We supported the Catholic Archdiocese of Chicago in the recent NLRB case, National Labor Relations Board v. The Catholic Bishop of Chicago et al.--U.S.--(1979), 99 S.Ct. 1313 (1979). We filed an amicus brief on behalf of the Archbishop of Chicago and, indeed, celebrated the decision of the U.S. Supreme Court in maintaining that church schools are outside the jurisdiction of this Government agency.
The Internal Revenue Service, in publishing its revised proposed revenue procedures, has usurped congressional authority. For we maintain, Senator Packwood, that there is a lack of statutory authorization and legal competence on the part of the IRS in its regulation of enrollment policies of church schools.
We suggest that the Internal Revenue Service makes an assumption that church or religious schools were created or expanded on or about the time of court desegregation orders and that they were primarily created for racially discriminatory purposes, when, in fact, these schools were created for a variety of reasons, not the least of which were the historic landmark decisions of the Supreme Court with regard to prayer and Bible readings in the public schools as school-sponsored exercises.
The Baptist Joint Committee has vigorously supported the U.S. Supreme Court decisions of 1962 and 1963, as, indeed, 31 years ago we supported the McCollum [McCollum v. Board of Education 333 U.S. 203 (1948)] decision in 1948. We think that they were right decisions. The point is that many, many private schools have come into being under church auspices as a result of these decisions in order that these schools may be pervasively religious.
We are made uneasy by the fact that the equal protection clause is certainly in jeopardy since there is such a variety of churches and church schools in this country, which makes it almost impossible to avoid some kind of preferential treatment, for example, those schools that are a part of a parochial school system vis-a-vis schools which are individually owned, operated and maintainedsuch as Jewish and Lutheran schools. The schools of the latter constitute the vast majority of Protestant and Jewish schools throughout this country.
We maintain that the purpose of this IRS ruling is laudable, but laudatory though the purpose may be the ruling fails to pass the basic tests of constitutionality. As the U.S. Supreme Court has reiterated more than a dozen times, a government act may neither inhibit nor advance religion and such an act must avoid excessive entanglement between church and state. This ruling fails on both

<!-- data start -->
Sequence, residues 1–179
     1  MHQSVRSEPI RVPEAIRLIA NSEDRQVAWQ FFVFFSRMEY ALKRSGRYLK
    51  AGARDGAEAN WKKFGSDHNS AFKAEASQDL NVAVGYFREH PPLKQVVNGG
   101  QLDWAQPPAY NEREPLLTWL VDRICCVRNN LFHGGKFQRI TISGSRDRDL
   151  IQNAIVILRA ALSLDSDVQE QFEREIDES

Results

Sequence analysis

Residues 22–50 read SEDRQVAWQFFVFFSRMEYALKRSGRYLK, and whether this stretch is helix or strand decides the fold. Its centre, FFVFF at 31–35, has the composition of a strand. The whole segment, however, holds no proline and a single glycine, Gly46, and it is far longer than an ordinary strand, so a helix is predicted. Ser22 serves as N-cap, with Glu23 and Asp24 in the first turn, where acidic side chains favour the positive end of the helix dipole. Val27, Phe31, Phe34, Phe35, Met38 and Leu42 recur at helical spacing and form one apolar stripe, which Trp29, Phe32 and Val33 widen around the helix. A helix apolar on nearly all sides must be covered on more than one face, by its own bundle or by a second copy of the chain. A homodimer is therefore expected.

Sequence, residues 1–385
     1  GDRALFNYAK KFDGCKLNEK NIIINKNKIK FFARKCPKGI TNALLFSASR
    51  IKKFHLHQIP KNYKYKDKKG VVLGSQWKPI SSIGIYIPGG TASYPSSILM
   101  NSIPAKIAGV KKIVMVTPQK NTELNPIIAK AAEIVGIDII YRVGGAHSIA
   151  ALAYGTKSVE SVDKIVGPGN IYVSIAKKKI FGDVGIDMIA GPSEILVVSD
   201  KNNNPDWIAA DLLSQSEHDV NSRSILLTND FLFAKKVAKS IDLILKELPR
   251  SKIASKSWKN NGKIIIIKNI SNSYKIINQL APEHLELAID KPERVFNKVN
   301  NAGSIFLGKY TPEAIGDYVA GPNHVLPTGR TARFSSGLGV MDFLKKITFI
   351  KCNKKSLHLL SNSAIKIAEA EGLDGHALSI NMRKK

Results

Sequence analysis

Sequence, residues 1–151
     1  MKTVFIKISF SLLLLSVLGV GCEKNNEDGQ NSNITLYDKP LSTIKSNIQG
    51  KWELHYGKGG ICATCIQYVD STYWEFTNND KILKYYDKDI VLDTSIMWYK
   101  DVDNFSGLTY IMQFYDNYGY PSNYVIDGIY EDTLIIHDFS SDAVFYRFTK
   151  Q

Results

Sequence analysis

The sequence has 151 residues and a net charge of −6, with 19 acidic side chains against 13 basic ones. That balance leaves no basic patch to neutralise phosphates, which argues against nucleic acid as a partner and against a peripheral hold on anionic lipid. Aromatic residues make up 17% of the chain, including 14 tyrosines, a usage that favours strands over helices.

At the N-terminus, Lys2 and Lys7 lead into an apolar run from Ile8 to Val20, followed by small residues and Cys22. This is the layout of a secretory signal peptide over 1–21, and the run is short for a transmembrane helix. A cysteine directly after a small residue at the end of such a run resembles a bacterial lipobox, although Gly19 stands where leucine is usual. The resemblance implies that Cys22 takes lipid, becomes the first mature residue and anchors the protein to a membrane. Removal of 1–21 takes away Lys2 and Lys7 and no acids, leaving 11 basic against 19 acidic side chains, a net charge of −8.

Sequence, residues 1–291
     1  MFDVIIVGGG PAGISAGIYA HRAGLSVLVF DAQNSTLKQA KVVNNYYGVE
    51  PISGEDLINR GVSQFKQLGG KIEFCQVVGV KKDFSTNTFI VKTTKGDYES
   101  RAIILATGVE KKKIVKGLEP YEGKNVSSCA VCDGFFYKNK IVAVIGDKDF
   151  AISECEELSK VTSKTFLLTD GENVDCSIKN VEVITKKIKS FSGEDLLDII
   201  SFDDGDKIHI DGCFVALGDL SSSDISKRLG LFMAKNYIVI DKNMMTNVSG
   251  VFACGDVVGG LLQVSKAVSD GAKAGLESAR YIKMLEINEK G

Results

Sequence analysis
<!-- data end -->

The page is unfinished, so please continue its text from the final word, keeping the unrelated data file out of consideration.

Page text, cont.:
counts in spite of the laudatory and secular purpose of the ruling itself.
Senator PACKWOOD. Does the Baptist Joint Committee on Public Affairs speak for the organizations that belong to it?
Mr. WOOD. Yes. The committee is comprised of official representatives, elected or chosen by each Baptist body including the general secretaries as well as pastors and lay persons.
Senator PACKWOOD. Does the Baptist Joint Committee on Public Affairs pass resolutions on various matters of public importance? Mr. WOOD. Indeed.
Senator PACKWOOD. Are you the same Mr. Wood that I talked to a couple of years ago on abortion?
Mr. WOOD. I might say that all the national bodies that have a position on this subject, have an identical position with the Baptist Joint Committee. The Baptist Joint Committee may take a position which is not contrary to one of the national Baptist bodies, at least not in conflict with a formulated position of anyone of its member bodies.
Do you understand the distinction?
Senator PACKWOOD. I understand.
If any of the churches-the position would be the same as the joint committee. Some of them may not have taken their position yet.
Mr. WOOD. Five times, for example, the Southern Baptist Convention has supported the Supreme Court decisions on abortion. The American Baptist Churches in the U.S.A. is a charter member of the Baptist Joint Committee and, a decade ago, supported such a position and continues to reaffirm a woman's right of choice for abortion services.
When I speak today of a position of the Baptist Joint Committee, it is one which has been formalized by this body. The hearings today have been very, very good.
Senator Packwood, if I may add as a postscript, I think that in light of what you were just saying, it is wise for you to understand my place here today.
Baptists have not been deeply involved in parochial schools. The Baptist Joint Committee, and Baptists generally, have been ardent supporters of public education in this country and it remains so. But, on this issue, we feel it is a first amendment issue. That is why I am here. We see this as a clear intrusion of the IRS into the life of the churches.
We maintain that the first amendment is such that it has provided throughout our history that churches and synagogues, religious institutions and groups, may have an ethnic identity or a national origin identity and their inviolability as a voluntary association is guaranteed by the constitution. We would vigorously defend, for example, the constitutional right of ethnic churches or denominations, be they Russian, Armenian, Black Muslim, Mormon, or Korean. That is a part of the membership pattern and, as such, is guaranteed by the free exercise of religion, which is based on the principle of voluntary association.